Handful of Hong Kong protesters surrender as university siege staggers on

Handful of Hong Kong protesters surrender as university siege staggers on

Anti-government protesters wait to give themselves up to the police as they leave the campus of the
Anti-government protesters wait to give themselves up to the police as they leave the campus of the Polytechnic University (PolyU) in Hong Kong on Nov 21, 2019. REUTERS/Thomas Peter

HONG KONG: At least eight protesters who had been holding out at a trashed Hong Kong university surrendered to police in the early hours of Friday (Nov 22), while others desperately searched for escape routes as riot officers surrounded the campus.

The siege at the Polytechnic University on the Kowloon peninsula appeared to be nearing an end with the number of protesters dwindling to fewer than 100, days after some of the worst violence since anti-government demonstrations escalated in June.

READ: Isolated band of protesters holds out on trashed Hong Kong campus

The mood on the near-deserted campus was calm as the sun rose after a night where some protesters roamed the grounds in search of undercover officers. Others hid, terrified they would be arrested by infiltrators.

"We are feeling a little tired. All of us feel tired but we will not give up trying to get out," said a 23-year-old demonstrator who gave his name only as Shiba as he ate noodles with egg and sausage in the protesters' canteen.

"We spent yesterday trying to find ways to get outside but failed, so we came for some breakfast," he said.

Anti-government protesters leave the campus of the Polytechnic University (PolyU) to give themselve
Anti-government protesters leave the campus of the Polytechnic University (PolyU) to give themselves up to the police in Hong Kong, China November 21, 2019. REUTERS/Thomas Peter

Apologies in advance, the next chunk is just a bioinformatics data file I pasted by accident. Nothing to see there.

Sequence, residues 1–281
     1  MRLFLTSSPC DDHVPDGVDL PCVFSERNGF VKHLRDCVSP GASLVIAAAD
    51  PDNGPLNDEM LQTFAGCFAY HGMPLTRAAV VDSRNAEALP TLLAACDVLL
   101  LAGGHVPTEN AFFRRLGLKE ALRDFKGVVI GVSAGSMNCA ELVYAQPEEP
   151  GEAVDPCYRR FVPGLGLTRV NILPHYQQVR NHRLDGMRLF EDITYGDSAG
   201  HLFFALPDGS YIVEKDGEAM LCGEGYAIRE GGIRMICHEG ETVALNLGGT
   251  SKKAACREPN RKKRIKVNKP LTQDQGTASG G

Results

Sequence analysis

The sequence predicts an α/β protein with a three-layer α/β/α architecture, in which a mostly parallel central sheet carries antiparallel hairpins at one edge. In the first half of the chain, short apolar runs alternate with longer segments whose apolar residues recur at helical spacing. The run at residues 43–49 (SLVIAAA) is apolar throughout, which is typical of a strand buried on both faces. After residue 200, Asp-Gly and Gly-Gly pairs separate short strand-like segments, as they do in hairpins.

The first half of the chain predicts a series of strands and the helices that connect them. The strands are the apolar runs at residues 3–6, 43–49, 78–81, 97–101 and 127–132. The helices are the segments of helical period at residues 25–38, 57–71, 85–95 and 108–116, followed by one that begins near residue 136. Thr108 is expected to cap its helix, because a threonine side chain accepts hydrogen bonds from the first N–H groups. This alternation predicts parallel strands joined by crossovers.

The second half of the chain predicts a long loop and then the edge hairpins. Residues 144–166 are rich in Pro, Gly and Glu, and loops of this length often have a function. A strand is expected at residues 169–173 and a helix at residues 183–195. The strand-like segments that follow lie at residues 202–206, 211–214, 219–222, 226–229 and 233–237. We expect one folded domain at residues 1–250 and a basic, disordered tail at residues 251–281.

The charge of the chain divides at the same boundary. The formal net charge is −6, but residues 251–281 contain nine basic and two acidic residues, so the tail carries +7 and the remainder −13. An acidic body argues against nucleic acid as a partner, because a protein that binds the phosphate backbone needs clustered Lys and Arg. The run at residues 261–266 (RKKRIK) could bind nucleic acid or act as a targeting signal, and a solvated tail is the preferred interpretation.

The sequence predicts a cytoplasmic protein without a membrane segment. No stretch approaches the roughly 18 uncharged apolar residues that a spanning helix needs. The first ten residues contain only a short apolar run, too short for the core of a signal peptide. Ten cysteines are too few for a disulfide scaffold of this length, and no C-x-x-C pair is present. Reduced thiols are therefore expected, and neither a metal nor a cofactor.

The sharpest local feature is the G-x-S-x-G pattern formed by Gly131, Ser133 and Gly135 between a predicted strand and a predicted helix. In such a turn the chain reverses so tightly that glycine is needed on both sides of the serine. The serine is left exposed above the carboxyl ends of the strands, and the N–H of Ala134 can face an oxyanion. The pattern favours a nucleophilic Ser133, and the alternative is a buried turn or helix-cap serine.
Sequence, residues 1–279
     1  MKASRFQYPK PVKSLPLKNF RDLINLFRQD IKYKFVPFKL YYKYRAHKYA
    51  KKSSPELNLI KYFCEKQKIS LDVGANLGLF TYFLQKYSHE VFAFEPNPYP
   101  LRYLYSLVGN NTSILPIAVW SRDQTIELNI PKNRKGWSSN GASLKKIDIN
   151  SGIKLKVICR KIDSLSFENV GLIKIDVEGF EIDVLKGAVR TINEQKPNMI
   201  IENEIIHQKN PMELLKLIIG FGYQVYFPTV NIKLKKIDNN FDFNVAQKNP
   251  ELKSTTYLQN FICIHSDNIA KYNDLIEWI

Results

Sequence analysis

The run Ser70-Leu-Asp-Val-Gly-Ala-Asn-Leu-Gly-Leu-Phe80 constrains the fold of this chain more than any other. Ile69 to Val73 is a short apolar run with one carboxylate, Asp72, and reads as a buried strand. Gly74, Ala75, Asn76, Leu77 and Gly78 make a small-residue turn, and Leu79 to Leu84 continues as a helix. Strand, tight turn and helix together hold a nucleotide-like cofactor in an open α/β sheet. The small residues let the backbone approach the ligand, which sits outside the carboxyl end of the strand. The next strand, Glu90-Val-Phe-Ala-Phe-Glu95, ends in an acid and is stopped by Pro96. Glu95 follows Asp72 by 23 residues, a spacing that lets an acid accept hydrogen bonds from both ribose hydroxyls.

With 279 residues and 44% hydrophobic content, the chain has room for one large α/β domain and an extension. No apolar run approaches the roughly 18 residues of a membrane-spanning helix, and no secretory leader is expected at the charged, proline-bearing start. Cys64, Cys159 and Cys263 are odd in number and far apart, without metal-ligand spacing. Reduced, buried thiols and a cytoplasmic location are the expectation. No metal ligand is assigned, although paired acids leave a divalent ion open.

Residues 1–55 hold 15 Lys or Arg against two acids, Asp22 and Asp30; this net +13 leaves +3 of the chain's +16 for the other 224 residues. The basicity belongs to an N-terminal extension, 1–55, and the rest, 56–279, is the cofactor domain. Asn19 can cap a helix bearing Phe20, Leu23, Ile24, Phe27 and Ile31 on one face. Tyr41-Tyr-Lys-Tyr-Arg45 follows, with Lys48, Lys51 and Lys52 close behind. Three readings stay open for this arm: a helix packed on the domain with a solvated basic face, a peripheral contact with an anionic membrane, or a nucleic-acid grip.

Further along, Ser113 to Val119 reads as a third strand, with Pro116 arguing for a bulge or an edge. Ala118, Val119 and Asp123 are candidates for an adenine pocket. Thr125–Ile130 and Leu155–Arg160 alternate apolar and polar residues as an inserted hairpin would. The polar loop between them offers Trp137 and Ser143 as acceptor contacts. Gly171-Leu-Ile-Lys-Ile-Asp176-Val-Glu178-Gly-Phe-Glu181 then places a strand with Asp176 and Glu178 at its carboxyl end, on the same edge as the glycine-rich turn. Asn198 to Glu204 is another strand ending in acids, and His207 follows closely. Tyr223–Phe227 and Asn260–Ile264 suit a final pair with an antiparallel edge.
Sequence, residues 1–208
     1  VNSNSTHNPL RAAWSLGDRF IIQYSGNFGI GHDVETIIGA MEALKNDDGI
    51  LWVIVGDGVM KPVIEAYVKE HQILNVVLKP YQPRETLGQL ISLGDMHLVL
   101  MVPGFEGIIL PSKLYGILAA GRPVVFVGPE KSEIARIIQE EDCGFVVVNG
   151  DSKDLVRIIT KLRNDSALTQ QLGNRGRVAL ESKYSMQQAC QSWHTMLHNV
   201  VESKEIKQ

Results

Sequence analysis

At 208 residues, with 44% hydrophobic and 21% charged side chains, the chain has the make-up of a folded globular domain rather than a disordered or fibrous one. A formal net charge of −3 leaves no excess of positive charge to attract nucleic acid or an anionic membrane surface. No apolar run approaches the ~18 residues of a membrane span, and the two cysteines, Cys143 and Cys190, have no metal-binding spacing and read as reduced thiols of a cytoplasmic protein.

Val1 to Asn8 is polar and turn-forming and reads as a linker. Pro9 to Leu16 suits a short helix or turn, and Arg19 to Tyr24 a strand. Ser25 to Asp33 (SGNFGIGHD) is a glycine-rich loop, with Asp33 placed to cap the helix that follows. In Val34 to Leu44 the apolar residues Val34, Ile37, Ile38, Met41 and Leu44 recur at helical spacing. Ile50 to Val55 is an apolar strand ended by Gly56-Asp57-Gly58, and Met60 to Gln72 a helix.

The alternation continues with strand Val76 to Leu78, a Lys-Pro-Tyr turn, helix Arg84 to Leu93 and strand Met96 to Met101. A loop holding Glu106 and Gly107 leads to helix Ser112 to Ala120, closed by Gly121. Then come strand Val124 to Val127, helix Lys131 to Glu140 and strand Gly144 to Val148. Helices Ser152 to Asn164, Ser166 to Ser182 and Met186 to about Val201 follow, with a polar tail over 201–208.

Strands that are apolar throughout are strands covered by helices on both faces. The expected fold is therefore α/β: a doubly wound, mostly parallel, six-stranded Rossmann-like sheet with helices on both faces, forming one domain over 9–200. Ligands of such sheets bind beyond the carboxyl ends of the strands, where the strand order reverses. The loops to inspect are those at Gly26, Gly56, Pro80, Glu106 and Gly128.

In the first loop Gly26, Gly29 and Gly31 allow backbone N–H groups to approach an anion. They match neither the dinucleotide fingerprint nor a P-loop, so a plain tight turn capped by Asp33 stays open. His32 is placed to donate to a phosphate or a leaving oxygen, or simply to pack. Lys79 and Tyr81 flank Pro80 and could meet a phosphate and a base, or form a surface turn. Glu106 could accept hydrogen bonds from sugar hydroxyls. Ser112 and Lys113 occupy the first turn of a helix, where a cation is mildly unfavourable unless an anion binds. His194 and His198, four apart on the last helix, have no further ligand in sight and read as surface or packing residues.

A Reuters reporter saw six black-clad protesters holding hands walk towards police lines, while a first aid worker said two more surrendered later.

READ: China ready to 'fight back' over US Hong Kong Bill

Demonstrators are angry at what they see as Chinese meddling in freedoms promised to Hong Kong when the former British colony returned to Chinese rule in 1997 and are calling for full democracy, among other demands.

Beijing has said it is committed to the "one country, two systems" formula under which Hong Kong is governed. It denies meddling in Hong Kong affairs and accuses foreign governments, including Britain and the United States, of stirring up trouble.

One older protester, who estimated only around 30 demonstrators remained, said some had given up looking for escape routes and were now making new weapons to protect themselves in case police stormed the campus.

Anti-government protesters leave the campus of the Polytechnic University (PolyU) to give themselve
Anti-government protesters leave the campus of the Polytechnic University (PolyU) to give themselves up to the police in Hong Kong, China November 21, 2019. REUTERS/Thomas Peter

Commentary: This may be the end of Hong Kong as we know it

The city has enjoyed two days and nights of relative calm ahead of district council elections that are due to take place on Sunday.

The government has said it is committed to proceeding with the elections and is monitoring the situation to ensure the election can be held safely.

All polling stations will be guarded by armed officers in riot gear for the first time in the history of local elections, local media reported.

MORE: Our coverage of the Hong Kong protests

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Source: Reuters/aa

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